One night, as usual, during suppertime, there was a knock on the front door. Before opening the door, my grandfather told the rest of the family that at the end of the meal to just go along with what he says. Sure enough it was the pesky neighbors. Supper went on as usual. Near the end of the meal, but before the pesky neighbors left, my grandfather announced that it was time to wash the dishes. He called Rex, the family dog, over to him. He then held his plate down for Rex to lick. The neighbors had a very strange look on their faces. Then my grandfather asked one of the neighbors for their plate and again held it down for Rex to lick. Lastly, my grandfather stated that this is how they washed their dishes. The pesky neighbors never dropped in again at suppertime. I wonder why?

John F. Kennedy's Inaugural Address

If one were to poll Americans, and perhaps even people from other countries, and asked for a quote made by John F. Kennedy, likely most would cite "Ask not what your country can do for you - Ask what you can do for your country." In reality, JFK was not the originator of this quote.

The original author was Khalil Gibran who was born in Lebanon, but immigrated to America in 1891 when he was only 8 years old. Gibran gave a speech to the people of Syria and Lebanon in the early 1900s and "Ask not what your country can do for you - Ask what you can do for your country" was in his speech. He went on to write numerous essays and poems. His works were originally written in Arabic and were translated into over one-hundred languages. Many of his works became highly influential in the American popular culture in the 1960s.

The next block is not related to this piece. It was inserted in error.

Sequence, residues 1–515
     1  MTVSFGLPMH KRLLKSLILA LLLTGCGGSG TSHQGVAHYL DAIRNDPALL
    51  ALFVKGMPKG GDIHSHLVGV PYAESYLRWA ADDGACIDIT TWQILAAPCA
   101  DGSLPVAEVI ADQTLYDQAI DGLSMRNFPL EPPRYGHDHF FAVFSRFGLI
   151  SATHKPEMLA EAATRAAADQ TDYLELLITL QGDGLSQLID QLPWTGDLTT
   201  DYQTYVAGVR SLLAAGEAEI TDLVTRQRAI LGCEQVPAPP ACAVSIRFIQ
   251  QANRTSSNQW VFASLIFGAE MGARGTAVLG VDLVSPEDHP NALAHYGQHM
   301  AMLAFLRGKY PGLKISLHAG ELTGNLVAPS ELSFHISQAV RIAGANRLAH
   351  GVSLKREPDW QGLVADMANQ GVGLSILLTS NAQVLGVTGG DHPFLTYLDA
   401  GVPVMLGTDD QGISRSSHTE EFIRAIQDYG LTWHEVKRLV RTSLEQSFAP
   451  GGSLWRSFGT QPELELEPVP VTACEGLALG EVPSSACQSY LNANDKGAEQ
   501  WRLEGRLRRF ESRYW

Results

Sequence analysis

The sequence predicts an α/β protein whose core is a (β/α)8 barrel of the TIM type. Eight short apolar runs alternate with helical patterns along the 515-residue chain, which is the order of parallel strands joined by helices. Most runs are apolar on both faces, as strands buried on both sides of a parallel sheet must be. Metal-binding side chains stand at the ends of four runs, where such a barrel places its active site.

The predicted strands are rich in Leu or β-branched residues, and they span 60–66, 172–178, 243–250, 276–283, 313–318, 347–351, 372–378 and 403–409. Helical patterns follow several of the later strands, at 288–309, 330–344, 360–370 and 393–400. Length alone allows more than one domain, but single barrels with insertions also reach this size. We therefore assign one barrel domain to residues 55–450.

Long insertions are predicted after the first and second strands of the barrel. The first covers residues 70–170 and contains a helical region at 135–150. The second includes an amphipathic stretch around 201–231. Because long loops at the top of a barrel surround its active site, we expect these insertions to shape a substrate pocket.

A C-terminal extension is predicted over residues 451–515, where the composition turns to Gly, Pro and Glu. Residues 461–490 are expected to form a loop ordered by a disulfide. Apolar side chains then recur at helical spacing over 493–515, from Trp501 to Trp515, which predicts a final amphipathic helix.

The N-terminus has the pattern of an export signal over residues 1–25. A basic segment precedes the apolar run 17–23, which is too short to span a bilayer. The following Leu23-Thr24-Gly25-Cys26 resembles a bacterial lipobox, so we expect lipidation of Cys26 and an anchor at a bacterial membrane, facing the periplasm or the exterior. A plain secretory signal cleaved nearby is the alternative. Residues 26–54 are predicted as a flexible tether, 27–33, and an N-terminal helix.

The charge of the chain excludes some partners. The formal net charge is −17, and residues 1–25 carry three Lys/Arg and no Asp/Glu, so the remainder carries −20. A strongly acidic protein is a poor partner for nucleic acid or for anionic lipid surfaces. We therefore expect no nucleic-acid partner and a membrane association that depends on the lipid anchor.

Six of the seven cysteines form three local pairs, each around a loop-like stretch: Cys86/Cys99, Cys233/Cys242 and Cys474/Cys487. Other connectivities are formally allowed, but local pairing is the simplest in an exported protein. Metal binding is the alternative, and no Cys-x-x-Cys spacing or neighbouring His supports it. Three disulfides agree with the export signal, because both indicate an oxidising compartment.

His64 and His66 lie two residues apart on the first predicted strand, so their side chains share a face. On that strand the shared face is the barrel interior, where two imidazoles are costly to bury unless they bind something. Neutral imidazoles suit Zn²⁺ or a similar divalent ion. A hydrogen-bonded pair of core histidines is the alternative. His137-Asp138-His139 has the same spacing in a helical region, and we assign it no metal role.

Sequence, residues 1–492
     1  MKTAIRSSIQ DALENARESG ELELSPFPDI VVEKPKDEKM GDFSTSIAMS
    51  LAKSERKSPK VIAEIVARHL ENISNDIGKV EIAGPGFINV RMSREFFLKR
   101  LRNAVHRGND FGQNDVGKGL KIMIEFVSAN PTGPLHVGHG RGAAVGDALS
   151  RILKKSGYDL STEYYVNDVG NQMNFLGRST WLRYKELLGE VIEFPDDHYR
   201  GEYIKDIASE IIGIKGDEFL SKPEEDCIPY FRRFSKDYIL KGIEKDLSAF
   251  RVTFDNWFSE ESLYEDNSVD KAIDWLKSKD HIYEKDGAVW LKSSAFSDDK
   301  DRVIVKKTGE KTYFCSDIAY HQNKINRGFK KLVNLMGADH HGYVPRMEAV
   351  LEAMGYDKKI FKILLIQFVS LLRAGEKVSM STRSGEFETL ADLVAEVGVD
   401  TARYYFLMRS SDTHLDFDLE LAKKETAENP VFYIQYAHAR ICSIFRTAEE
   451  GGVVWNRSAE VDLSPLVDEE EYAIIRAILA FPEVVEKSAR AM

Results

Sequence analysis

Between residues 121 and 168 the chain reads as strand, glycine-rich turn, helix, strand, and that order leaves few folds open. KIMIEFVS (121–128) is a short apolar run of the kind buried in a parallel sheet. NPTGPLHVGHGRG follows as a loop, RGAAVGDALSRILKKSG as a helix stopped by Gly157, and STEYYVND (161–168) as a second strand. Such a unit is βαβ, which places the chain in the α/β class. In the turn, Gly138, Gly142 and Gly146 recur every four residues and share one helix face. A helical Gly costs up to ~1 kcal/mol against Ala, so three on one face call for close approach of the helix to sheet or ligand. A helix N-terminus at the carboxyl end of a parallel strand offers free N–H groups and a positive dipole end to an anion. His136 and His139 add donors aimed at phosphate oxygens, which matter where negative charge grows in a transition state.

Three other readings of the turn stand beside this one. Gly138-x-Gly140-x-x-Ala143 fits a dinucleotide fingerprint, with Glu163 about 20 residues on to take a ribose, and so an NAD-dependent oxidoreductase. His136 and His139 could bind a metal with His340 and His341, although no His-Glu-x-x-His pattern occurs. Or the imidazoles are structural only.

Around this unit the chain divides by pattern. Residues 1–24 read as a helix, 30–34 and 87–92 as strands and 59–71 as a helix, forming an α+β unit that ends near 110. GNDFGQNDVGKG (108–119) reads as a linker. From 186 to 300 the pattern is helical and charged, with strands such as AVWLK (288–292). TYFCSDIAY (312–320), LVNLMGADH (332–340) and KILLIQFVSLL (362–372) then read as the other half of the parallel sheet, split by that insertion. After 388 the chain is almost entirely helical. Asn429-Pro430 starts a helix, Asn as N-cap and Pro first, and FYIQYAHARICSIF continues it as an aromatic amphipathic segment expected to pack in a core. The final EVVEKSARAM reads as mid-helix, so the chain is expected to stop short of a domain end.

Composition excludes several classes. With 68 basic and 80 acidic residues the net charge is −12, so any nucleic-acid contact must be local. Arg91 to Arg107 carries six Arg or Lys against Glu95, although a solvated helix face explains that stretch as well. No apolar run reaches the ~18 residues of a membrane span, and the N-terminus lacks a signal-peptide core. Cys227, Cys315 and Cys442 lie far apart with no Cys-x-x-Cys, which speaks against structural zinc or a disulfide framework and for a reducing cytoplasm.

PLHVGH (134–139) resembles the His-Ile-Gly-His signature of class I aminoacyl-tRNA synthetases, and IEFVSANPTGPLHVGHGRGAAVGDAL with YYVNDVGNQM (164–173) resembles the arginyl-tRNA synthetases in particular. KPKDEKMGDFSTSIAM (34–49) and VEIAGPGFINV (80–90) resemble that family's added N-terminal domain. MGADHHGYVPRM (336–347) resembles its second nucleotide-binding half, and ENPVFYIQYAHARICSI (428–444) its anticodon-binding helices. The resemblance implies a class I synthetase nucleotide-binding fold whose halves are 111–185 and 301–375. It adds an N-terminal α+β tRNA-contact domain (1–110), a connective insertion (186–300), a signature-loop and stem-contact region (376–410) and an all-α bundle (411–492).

The Three Sides of a Coin

When a disagreement occurs, it is often said to be the two sides of a coin - opposites of each other. However, there is a third side to a coin - the rim or edge. Often, neither side is totally correct. Rather, the truth lies in the middle.

September Contest

CONTEST ONE QUESTION: Which president was the first to be inaugurated in Washington, DC?

ANSWER:Thomas Jefferson

CONTEST TWO QUESTION: Which president weighed more than 300 pounds?

ANSWER: William Howard Taft

One-hundred-five people entered. Twenty-two people had errors in their entry: Not selecting a prize; Selecting a prize from the Contest One entry, but answered the Contest Two question; or incorrect subject heading. All prizes were claimed.
The September Contest Winners Were:
  • Ed Hamilton - Illinois
  • Linda Kikel - New York
  • Susan Alles - New Mexico
  • Patti Roberts - Utah
  • S Benson - Virginia
  • Hal Thurow Texas
  • Sandra Hoffman - New Jersey
  • Thomas Jones - California

This Issue's Questions:

To enter Contest One, answer the question: In what year did Congress pass a law that the Secret Service would protect former presidents and their wives for life after leaving office?

To enter Contest Two, answer the question: What year was the minimum wage officially established in America?


Contest Rules